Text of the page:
Plant is believed to be the first instance of Chinese registration for an Artemisia annua variety bred outside China
A new hybrid plant used in antimalarial drug production, developed by scientists at the University of York’s Centre for Novel Agricultural Products (CNAP), is now registered as a new variety in China.
Developed through CNAP’s Artemisia Research Project, the plant is believed to be the first instance of Chinese registration for an Artemisia annua variety bred outside China. Since China is the world’s largest grower of Artemisia, the plant can now contribute even more to the global production of the antimalarial drug artemisinin.
Artemisia annua, also known as Sweet Wormwood, originates from Asia and has been used in China to treat fevers for more than 2000 years. CNAP’s project, funded by the Bill & Melinda Gates Foundation, used fast-track plant breeding to develop many new hybrids, which then underwent rigorous field-trialling in Africa and Asia. A single robust F1 hybrid was selected for its excellent biomass features and ability to produce good concentrations of artemisinin in its leaves.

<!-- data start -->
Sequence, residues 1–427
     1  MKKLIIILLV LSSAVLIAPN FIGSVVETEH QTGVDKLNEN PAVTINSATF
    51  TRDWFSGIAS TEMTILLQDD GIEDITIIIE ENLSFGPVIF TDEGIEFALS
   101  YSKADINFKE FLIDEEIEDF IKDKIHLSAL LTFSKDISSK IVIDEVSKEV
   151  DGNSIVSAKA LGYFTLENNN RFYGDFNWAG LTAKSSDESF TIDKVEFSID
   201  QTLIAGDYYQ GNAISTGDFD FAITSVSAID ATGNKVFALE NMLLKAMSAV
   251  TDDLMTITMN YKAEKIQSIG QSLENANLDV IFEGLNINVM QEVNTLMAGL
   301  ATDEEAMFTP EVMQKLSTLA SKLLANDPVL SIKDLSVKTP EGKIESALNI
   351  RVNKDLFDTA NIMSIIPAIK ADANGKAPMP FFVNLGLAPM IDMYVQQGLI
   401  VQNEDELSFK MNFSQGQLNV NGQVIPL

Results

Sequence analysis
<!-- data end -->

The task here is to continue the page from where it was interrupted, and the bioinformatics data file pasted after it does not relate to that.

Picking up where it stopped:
With Chinese registration taking two years of extensive field trials against known Chinese varieties, the plant was grown commercially in Africa for three years under the name of Hyb8001r. Now, Hyb8001r has been given a new Chinese name. Pronounced YaoKe JiaHao YiHao, the first word sounds like York and means ‘medicine people’; the other words mean ‘good Artemisia variety’ and ‘number one in the series’.
'The ability to sell and distribute seeds in China demonstrates the wide impact of York’s excellent research,' said Professor Ian Graham, Head of the University of York’s Department of Biology. 'I am pleased that we have reached this milestone which will enable us to work more closely with Chinese growers to deliver this vitally important antimalarial medicine.'
Seed from the new variety is produced in partnership with East-West Seed, an international seed company that will market the new variety in China.